Building Oxfordshire’s Freshwater Network: Engaging People in Nature’s Recovery
Building Oxfordshire’s Freshwater Network is the first project to put into practice Freshwater Habitats Trust’s new approach to the protection of freshwater biodiversity — the Freshwater Network. Running from September 2021 to March 2023 and with funding from the Green Recovery Challenge Fund, the project is demonstrating this approach in Oxfordshire, one of the most important areas for freshwater wildlife in England.
The Freshwater Network is also being applied to the New Forest, one of the richest areas in Europe for freshwater wildlife — see here.
The Freshwater Network
The Freshwater Network aims to protect freshwater wildlife by creating a national network of healthy, unpolluted and interconnected freshwater landscapes, made up of:
- Important Freshwater Areas — the richest parts of the landscape for freshwater wildlife
- Floodplain Reserves — ranging from rewilded wet forests to floodplain wetlands
- Wetland Opportunity Areas — networks for creation and restoration of clean high quality freshwater and wetland habitats.
The approach focuses on the small freshwater and wetland habitats that make up most of the water environment, are critical for maintaining landscapes rich in freshwater biodiversity and are the easiest to manage, create and restore successfully. The freshwater biodiversity of Oxfordshire and how it connects across the landscape via the Freshwater Network is described at About Oxfordshire’s Freshwater Network.
The Building Oxfordshire’s Freshwater Network project will:
- showcase the Freshwater Network concept for freshwater and wetland creation and restoration
- demonstrate the benefits and possibilities of working with small waterbodies and small wetlands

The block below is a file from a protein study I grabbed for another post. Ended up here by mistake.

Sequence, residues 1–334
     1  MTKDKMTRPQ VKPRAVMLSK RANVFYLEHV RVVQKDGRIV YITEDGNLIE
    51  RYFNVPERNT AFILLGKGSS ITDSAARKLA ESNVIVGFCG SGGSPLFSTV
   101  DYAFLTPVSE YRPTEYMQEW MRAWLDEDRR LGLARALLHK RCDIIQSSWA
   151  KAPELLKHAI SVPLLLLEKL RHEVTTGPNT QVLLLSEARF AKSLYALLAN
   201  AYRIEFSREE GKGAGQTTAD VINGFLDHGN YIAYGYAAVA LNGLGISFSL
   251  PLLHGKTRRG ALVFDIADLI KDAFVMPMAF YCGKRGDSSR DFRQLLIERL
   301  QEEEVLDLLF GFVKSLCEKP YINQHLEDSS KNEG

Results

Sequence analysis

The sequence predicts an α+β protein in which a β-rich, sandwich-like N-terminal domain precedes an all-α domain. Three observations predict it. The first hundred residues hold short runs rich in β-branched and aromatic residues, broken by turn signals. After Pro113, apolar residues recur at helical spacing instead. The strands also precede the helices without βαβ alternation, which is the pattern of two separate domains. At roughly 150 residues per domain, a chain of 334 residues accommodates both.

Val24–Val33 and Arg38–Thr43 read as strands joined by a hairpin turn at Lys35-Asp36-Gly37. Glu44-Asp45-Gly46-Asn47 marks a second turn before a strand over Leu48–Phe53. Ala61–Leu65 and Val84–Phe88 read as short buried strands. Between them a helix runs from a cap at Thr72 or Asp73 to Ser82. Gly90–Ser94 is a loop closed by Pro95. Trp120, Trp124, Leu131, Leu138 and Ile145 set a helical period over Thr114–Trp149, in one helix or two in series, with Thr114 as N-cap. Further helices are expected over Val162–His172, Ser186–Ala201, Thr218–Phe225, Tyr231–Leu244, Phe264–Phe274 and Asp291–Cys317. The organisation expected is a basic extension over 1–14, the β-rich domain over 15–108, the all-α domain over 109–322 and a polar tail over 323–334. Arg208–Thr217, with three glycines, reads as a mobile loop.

- provide a model to inspire landowners and funders to help us build the Freshwater Network longer term, both in the county and beyond
In Oxfordshire, work on the Freshwater Network is initially focused on three key components — ponds, floodplains and alkaline fens — and on directly tackling the decline of some of the region’s most endangered wetland plants.
As well as protecting freshwater habitats and species, we’re connecting local people directly with nature conservation and training the next generation of wetland conservationists. We are engaging a wide range of local people to grow endangered wetland plants at home before ‘releasing’ them into the wild in high quality habitats that we’ve managed or created with our partners.
See below and follow the links to find out more about the project’s programmes.
In a project of this scale we couldn’t succeed without the help of like-minded conservation and community groups, so we’re very pleased to be working in partnership with:
- The National Trust
- Oxford Botanic Garden
- River Thame Conservation Trust
- Thames Valley Wildflower Meadow Restoration Project
- Thames Water